In recent years, there have been numerous attempts to smuggle narcotic drugs and chemicals by concealing them in international mail. Combatting this requires a non-destructive technique that can identify such illicit substances in mail. Terahertz (THz) waves can pass through a wide variety of materials, and many chemicals show specific frequency-dependent absorption, known as a spectral fingerprint, in the THz range. Therefore, it is reasonable to investigate non-destructive mail inspection techniques that use THz waves. For this reason, in this work, we tried to identify reagents under high attenuation shielding materials using injection-seeded THz-wave parametric generator (is-TPG). Our THz spectroscopic imaging system using is-TPG consisted of two non-linear crystals for emission and detection of THz waves. A micro-chip Nd:YAG laser and a continuous wave tunable external cavity diode laser were used as the pump and seed source, respectively. The pump beam and seed beam were injected to the LiNbO₃ crystal satisfying the noncollinear phase matching condition in order to generate high power THz-wave. The emitted THz wave was irradiated to the sample which was raster scanned by the x-z stage while changing the frequencies, and we obtained multispectral images. Then the transmitted THz wave was focused onto another crystal for detection and up-converted to the near infrared detection beam based on nonlinear optical parametric effects, wherein the detection beam intensity was measured using an infrared pyroelectric detector. It was difficult to identify reagents in a cardboard box because of high noise levels. In this work, we introduce improvements for noise reduction and image clarification, and the intensity of the near infrared detection beam was converted correctly to the intensity of the THz wave. A Gaussian spatial filter is also introduced for a clearer THz image. Through these improvements, we succeeded in identification of reagents hidden in a 42-mm thick cardboard box filled with several obstacles, which attenuate 56 dB at 1.3 THz, by improving analysis methods. Using this system, THz spectroscopic imaging was possible for saccharides and may also be applied to cases where illicit drugs are hidden in the box, and multiple reagents are mixed together. Moreover, THz spectroscopic imaging can be achieved through even thicker obstacles by introducing an NIR detector with higher sensitivity.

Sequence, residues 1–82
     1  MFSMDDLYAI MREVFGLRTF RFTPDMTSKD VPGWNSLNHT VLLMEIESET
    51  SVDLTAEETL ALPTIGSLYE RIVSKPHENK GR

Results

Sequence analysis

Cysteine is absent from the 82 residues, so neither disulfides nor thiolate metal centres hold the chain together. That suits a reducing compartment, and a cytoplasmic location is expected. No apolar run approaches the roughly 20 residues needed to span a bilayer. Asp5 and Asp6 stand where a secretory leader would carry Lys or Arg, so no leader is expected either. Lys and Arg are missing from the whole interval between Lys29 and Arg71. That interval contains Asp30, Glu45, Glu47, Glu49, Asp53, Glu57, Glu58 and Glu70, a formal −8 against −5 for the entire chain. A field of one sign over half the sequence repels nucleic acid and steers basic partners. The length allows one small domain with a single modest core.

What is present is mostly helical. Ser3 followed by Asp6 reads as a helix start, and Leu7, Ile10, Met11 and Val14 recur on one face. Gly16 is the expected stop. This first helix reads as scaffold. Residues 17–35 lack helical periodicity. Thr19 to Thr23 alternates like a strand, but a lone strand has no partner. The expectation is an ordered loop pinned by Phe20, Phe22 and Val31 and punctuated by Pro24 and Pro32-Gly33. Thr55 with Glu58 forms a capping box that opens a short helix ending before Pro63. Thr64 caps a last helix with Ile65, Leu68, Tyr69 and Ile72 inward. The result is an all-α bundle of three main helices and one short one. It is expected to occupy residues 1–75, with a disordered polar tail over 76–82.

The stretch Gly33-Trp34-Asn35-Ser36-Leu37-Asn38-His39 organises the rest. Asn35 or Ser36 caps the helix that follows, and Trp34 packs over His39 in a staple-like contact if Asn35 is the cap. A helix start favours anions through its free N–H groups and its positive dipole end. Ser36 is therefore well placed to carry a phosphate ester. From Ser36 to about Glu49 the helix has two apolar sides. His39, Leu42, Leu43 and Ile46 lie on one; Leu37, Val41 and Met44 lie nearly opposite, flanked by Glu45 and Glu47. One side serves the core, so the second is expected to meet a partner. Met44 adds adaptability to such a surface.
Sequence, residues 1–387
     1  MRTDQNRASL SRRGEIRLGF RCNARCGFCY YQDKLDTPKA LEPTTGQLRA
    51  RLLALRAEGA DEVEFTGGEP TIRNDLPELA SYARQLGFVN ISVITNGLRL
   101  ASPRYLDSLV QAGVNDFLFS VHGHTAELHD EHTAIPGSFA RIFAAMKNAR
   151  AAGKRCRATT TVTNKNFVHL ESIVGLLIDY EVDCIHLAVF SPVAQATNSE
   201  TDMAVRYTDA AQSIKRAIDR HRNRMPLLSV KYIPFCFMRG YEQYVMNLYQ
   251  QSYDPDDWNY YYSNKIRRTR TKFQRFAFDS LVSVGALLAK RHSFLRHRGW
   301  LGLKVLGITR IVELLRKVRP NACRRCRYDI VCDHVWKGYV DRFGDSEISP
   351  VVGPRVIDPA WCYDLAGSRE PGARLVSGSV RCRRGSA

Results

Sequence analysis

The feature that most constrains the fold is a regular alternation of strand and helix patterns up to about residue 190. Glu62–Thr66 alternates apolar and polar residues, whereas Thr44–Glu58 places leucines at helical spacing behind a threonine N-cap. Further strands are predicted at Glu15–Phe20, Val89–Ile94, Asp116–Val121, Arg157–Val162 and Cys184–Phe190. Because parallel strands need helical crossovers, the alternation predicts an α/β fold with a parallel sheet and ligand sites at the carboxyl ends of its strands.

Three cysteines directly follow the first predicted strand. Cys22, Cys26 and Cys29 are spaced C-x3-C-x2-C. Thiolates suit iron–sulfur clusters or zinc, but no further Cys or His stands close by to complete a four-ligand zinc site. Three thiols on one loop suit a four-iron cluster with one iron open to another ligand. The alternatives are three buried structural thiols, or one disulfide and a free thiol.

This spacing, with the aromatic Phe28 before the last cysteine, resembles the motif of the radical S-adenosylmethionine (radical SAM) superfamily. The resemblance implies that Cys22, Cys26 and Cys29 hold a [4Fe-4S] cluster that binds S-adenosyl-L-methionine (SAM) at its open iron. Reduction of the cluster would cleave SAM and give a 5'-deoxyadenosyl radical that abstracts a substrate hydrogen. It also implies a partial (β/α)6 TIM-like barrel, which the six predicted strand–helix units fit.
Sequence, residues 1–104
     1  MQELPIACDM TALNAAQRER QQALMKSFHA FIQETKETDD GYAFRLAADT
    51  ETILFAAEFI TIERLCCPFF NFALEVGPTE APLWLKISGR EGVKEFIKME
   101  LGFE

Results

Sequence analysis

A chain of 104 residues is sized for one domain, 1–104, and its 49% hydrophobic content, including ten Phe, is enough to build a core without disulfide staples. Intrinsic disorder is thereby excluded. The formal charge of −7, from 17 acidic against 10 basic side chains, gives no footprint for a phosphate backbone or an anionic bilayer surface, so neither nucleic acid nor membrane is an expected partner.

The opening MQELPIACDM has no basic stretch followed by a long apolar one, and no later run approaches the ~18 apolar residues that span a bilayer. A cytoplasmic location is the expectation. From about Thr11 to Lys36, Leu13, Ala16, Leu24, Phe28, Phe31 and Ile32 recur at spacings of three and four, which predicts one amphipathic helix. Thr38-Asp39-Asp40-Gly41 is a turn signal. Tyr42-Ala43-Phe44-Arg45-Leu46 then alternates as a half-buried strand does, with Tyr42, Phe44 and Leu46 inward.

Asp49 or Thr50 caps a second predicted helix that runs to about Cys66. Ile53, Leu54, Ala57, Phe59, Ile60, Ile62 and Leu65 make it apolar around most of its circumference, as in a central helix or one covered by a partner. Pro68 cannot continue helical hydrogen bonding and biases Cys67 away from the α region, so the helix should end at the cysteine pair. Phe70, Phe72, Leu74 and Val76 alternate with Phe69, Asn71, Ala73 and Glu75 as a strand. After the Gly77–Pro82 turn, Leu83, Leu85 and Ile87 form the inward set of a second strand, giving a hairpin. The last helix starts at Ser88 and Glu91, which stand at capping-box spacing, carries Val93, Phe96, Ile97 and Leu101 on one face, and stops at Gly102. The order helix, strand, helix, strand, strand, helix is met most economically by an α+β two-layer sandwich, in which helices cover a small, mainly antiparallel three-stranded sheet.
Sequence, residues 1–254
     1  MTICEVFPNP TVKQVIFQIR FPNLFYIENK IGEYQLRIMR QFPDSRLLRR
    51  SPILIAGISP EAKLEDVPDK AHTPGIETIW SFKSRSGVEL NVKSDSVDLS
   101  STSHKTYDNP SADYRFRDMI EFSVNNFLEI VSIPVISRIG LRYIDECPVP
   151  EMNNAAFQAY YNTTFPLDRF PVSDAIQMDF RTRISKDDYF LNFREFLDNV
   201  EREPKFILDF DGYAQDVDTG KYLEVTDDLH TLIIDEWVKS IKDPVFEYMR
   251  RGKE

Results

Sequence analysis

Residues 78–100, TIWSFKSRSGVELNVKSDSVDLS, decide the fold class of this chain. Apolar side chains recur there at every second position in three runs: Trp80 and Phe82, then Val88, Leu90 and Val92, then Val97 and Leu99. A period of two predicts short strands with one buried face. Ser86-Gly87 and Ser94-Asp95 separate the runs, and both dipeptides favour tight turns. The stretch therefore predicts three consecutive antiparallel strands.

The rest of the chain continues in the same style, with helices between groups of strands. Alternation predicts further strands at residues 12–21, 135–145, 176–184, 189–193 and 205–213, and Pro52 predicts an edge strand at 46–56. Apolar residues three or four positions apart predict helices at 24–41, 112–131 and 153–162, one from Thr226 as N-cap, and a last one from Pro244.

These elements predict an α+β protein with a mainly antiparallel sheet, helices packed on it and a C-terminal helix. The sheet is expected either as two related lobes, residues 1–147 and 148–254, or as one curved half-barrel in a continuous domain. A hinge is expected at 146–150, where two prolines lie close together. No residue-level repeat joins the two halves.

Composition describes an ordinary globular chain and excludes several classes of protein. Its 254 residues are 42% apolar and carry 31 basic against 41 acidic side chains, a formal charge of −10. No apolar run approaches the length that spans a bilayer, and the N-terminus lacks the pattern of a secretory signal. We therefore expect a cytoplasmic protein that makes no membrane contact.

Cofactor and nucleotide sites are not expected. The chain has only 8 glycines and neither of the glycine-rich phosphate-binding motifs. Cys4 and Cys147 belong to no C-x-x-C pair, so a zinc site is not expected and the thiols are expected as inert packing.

Keywords: nondestructive inspection, principal component analysis, terahertz parametric source, THz spectroscopic imaging